4. Conclusion

The judgment of the district court is affirmed in part, reversed in part, and remanded for the trial court to proceed in accordance with this opinion. Pursuant to our authority under Rule 39(a) of the North Dakota Rules of Appellate Procedure, we order that costs for this appeal shall be taxed against Jeffrey.

ERICKSTAD, C.J., GIERKE and VANDE WALLE, JJ., and PEDERSON, Surrogate Justice, concur.

PEDERSON, Surrogate Justice, sitting in place of LEVINE, J., disqualified.

PEDERSON, Surrogate Judge, concurring specially.

I agree with opinion authored by Justice Meschke but feel compelled to express my concern about the manner in which issues relating to ambiguity appear to be first raised at the appellate level. It is not only this case but most suits involve contradictory versions of the meaning of words, phrases, sentences, and paragraphs. Mostly the ambiguity relates to the background, and extrinsic evidence is offered without a clear-cut conclusion of law that there is an ambiguity. When the case is tried to the court, as this one was, a finding of fact as *667 to meaning is required, but is usually absent, as in this case.

Even though lawyers are reluctant to do so, they would present a better argument on appeal if they would concede at the trial court level that their opponents interpretation is a possibly correct interpretation, by arguing that an ambiguity exists, introduce extrinsic evidence of their own interpretation, and get a finding of fact that would have the presumption of correctness on appeal under Rule 52(a), N.D.R.Civ.P.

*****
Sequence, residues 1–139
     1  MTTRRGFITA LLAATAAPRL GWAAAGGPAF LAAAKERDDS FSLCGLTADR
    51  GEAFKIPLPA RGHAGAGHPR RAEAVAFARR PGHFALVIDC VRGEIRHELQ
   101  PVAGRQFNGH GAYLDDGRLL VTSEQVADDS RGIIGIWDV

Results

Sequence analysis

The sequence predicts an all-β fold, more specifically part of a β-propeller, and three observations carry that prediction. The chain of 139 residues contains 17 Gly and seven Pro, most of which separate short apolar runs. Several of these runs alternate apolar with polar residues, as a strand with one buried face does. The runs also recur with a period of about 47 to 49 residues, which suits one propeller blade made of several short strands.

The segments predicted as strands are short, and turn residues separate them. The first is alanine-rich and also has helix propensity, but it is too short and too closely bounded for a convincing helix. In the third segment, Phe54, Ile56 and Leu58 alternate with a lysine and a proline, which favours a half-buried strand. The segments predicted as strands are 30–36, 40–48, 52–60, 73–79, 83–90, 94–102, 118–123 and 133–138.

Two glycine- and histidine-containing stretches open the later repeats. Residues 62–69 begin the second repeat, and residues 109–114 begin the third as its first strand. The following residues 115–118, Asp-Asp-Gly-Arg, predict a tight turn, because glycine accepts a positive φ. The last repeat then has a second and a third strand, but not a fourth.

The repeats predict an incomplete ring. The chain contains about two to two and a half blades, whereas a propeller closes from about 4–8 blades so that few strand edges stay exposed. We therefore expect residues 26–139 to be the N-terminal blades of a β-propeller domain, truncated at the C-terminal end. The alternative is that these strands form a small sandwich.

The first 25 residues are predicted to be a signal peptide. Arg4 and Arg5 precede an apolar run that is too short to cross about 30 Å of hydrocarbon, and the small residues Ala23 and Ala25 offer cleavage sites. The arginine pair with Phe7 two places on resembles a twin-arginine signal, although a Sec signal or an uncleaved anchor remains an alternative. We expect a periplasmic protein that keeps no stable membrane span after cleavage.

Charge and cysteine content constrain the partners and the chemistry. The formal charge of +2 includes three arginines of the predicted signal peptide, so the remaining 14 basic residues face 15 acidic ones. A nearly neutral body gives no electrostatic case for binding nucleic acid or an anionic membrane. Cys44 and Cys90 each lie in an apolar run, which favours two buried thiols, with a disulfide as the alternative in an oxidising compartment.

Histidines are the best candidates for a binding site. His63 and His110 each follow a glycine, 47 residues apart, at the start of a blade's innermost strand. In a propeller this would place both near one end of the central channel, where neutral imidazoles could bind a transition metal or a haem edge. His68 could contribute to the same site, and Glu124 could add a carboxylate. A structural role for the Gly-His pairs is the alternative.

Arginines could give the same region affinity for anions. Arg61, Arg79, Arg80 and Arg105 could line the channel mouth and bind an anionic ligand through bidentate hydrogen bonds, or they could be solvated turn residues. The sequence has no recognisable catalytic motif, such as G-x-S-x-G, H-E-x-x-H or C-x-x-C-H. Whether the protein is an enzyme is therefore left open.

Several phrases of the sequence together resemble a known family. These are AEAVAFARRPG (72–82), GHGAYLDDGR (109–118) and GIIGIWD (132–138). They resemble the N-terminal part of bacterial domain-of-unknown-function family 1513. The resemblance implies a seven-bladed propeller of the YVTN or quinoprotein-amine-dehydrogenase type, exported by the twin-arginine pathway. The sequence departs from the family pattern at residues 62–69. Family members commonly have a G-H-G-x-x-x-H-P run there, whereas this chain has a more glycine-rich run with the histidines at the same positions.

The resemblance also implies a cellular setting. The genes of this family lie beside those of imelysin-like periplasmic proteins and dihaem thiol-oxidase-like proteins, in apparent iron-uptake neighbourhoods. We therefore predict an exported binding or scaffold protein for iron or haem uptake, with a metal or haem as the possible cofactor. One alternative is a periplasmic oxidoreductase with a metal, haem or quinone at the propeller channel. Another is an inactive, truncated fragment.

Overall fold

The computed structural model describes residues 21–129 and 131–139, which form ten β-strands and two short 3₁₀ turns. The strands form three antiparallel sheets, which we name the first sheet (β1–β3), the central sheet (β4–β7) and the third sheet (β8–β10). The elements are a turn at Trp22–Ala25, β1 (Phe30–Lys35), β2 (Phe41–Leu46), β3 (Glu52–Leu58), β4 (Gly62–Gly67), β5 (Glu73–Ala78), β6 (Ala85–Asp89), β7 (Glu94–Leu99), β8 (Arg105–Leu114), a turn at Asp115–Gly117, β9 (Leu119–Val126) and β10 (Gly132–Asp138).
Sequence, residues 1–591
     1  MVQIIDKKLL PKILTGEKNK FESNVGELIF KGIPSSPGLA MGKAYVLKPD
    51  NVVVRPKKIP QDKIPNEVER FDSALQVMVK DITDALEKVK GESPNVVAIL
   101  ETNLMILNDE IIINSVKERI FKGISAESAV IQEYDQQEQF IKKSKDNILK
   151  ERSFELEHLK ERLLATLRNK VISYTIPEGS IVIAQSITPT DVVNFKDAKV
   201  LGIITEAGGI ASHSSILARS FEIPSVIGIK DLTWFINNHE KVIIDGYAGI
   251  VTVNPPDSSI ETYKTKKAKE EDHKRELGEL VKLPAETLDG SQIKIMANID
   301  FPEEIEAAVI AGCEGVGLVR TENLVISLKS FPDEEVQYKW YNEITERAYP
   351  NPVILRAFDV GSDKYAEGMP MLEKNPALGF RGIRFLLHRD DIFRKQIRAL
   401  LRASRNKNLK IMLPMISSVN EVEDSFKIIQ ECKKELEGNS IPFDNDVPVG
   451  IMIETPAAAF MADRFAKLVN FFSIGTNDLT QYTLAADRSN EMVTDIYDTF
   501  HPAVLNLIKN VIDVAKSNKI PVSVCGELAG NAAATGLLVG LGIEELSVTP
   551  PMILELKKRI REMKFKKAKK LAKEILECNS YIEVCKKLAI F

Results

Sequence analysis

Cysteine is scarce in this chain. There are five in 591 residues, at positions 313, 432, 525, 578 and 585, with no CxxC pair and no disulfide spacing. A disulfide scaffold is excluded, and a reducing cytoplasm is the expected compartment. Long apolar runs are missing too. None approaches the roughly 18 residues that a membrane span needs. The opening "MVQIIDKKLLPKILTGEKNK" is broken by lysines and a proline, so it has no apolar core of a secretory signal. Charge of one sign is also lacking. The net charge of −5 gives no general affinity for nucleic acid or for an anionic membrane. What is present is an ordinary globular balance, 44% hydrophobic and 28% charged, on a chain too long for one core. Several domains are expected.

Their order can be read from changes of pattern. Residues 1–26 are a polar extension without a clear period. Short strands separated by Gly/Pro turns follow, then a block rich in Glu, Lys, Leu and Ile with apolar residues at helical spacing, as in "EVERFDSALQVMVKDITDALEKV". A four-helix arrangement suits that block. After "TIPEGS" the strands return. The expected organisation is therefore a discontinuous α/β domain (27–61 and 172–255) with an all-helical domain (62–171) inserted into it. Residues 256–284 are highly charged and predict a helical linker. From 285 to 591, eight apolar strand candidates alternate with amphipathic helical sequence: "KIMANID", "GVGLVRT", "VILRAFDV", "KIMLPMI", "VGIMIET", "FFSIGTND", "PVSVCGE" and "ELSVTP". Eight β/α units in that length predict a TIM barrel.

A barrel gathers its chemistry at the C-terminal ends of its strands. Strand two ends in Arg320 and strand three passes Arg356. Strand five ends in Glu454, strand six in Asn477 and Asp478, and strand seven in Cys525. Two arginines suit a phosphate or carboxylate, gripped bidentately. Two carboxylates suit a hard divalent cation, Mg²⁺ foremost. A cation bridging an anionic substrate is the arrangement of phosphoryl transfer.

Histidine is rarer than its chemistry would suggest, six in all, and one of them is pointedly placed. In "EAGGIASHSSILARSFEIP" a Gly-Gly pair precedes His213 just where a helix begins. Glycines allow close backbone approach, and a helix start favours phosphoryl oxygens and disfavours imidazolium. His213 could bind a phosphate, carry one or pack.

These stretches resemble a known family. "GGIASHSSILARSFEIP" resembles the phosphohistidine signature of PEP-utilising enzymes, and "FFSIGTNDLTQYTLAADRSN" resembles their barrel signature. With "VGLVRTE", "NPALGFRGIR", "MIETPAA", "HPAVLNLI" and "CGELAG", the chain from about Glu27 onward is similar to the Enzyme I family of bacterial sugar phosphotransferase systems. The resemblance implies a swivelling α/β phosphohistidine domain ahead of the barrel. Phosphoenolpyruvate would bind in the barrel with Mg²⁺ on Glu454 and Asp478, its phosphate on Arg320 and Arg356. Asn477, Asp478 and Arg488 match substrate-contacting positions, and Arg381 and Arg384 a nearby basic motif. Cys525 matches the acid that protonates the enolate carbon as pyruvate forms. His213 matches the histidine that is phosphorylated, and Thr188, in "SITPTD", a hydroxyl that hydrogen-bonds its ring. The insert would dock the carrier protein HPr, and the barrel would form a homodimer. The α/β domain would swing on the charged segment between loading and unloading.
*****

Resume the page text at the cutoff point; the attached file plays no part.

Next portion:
[1] Assuming, for purposes of argument, that the support provision in the original decree was ambiguous as to whether Jeffrey's obligation was conditioned upon Dana's pursuit of a registered nursing degree, Dana's own testimony during the hearing on the modification requests demonstrates that she understood the provision to mean that Jeffrey's support obligation would terminate if she discontinued her pursuit of a registered nursing degree:

"A. ... II knew of the statement in the decree that said that I must be in the nursing program, so I really tried to stick to it so as not to bebe caught off guard on that one.

* * * * * *

"Q. Are you receiving that alimony today?

"A. No.

"Q. Why not?

"A. It was discontinued.

"Q. By Jeff?

"A. By Jeff.

"Q. For what reason? Do you know?

"A. I think I know. For thebecause it stated in the decree that I needed to be a nursing student at NDSU, in the nursing program there. If I was not, then I had no access to this alimony."